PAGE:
Personally I would explain this by saying that the masseur kneaded my channels quite a bit, and that the synergy between the subtle body and the physical body got reset. Put me back in my body--the bad day was to do with Intellectual Stuff (never a good thing--we should be paid danger money!).

When you meditate and all that, you begin to realize how the physical body, and physical objects in general, are a bit of a miracle. Just basic "gross" bliss (as Rinpoche would put it), what an extraordinary thing.

Tuesday, June 18, 2013

A Simple Request

Adrenal glands, do you have to be so productive? Does there have to be so much adrenalin? I mean I'm only proofreading Hyperobjects here.

Pacifica Interview Today

This was an awful lot of fun. C.S Soong is a genius at his job. It airs at noon pacific time.

Against the Grain on Pacifica Radio airs on KPFA 94.1 FM in the San Francisco Bay Area and beyond, and on KFCF 88.1 FM in Fresno and California's Central Valley. It also broadcasts worldwide via kpfa.org.

Proofs Checked

The random citation check indicated that everything was as perfect as it could be.

This book is semiotically the shortest I've ever written at about 76000 words. But it won't be physically the shortest. With the color insert and index it will be about 220 pages. The press has nice big margins too.



International Perspectives on Feminist Ecocriticism

Just out! With an essay by me on Barad, Irigaray and objects.

If you want to get into trouble, do write about Irigaray!

Karl Steel on Genes

This is very good. It gets to the heart of the matter, which is that DNA is a physical and a semiotic entity, a strange loop moreover in which the boundary between physical and semiotic can't be drawn in advance.

Hyperobjects Proofs

They have arrived. Extraordinarily, this book is going to appear, and on time too.

What I'm going to do today is drive to school with my small people and print it up. This also gives me a chance to do my ritual: the random citation check.

When I get proofs I choose at random several citations to check. If they are correct, I assume that the others are correct: they have of course been doubled and triple checked at previous stages.

Monday, June 17, 2013

Evening Walk

And now it's time for our evening walk, which consists of a block or so to the Menil Collection, past the Rothko Chapel, and into the University of St. Thomas. There is a very good labyrinth there, and it's good to do walking meditation on it.


That's right. We happen to be in Denver in August after the Wordsworth Conference in Cumbria, and My Bloody Valentine are playing at the Ogden Theater. Haven't seen them since Glastonbury 1992 when they headlined. Of course one thinks that they are the most special band ever.


What is it about Irigaray that winds some people up so much? I must remember to use her work much more.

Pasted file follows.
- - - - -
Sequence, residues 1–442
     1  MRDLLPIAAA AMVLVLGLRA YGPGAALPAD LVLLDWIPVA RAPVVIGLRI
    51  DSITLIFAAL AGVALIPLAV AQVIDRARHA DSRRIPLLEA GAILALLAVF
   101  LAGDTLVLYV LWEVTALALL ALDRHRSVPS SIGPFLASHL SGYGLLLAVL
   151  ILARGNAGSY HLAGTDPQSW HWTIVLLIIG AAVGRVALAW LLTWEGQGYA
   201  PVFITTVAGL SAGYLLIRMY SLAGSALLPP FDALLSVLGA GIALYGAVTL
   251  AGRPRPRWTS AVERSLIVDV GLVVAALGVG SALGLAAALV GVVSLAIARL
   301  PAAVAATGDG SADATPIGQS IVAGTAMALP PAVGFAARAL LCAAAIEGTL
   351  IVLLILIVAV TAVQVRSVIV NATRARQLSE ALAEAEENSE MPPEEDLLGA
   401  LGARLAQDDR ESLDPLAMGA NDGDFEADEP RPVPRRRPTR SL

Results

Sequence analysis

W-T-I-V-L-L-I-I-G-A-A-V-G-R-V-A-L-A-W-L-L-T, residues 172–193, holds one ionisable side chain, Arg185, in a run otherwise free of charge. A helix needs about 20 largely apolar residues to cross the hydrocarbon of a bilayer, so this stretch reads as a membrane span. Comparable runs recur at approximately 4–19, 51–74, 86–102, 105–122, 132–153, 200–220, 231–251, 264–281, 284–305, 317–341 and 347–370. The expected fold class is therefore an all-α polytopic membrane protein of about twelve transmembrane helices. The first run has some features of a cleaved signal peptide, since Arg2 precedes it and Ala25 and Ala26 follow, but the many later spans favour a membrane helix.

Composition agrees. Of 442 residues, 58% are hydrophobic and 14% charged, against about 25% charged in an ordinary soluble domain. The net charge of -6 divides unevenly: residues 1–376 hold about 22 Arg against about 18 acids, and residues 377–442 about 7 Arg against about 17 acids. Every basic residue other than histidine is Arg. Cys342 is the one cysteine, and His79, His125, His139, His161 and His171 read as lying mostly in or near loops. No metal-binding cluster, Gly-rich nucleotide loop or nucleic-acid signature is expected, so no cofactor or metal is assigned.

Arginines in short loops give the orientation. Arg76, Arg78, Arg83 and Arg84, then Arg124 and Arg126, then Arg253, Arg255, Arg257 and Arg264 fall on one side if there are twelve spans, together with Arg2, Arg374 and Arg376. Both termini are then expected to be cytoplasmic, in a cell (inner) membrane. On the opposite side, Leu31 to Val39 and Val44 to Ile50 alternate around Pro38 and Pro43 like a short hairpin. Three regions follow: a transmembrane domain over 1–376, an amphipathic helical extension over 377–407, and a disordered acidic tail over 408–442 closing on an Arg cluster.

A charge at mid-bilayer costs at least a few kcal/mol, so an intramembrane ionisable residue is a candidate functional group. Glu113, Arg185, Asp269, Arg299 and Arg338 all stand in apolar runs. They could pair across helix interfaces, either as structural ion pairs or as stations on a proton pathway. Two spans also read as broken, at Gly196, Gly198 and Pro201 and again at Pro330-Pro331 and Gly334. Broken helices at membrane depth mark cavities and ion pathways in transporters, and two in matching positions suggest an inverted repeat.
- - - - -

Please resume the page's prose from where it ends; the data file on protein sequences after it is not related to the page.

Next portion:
The International Social Science Journal

I'm just copy-editing my essay for the excellent Tom Ford, for that journal. The topic is "states of theory." I think Jameson will be in it. The issue was held up because of a funding controversy, involving UNESCO, the parent of the journal. Tom has been so patient.

Saturday, June 15, 2013

"If It's Depressing It Must Be True"

Isn't that a nice line? It's by my friend Jeffrey Kripal. He is talking about the trouble with thinking in modernity.

Friday, June 14, 2013

Snowden Speculative Judgment

So the Ron Paul libertarian has ended up--as a gift to the Chinese.

"A popular Communist Party-backed newspaper...has urged China’s leadership to milk Snowden for information rather than expel him, saying his revelations concern China’s national interest."

Thursday, June 13, 2013

A Scientistic Double Bind

1. Humanists are useless drones who don't talk about science.

2. Humanists are useless fools when they do talk about science.

3. GOTO 1.

Instant Bardo

I highly recommend you make your way to one of the James Turrell retrospectives. You will get a little taste of

Maitri Space Awareness (look it up)
What it's like to be dead, Tibetan style

The only trouble are the police like guards, who insist you not walk near the boundary of the work. It's like having someone poking at you at a concert, insisting that you be silent. It's private property gone mad. It has nothing to do with the nonconceptual immensity of Turrell's work, and Turrell himself is an enormously good humored man.

A Fierce Exchange

Sokal be damned. We can talk about science. 

Hi ****--I modified that citation, thanks to your kind input (was it you? a while back anyway). 

Sadly you appear to have absorbed the knee jerk "It must be nonsense unless I am saying it" ideology of the worst kind of eliminative materialist biology and psychology--but thankfully there are other scientific disciplines. 

Yours sincerely,

Timothy Morton
Rita Shea Guffey Chair in English

On Jun 13, 2013, at 1:13 AM, **** wrote:

Dear Professor Morton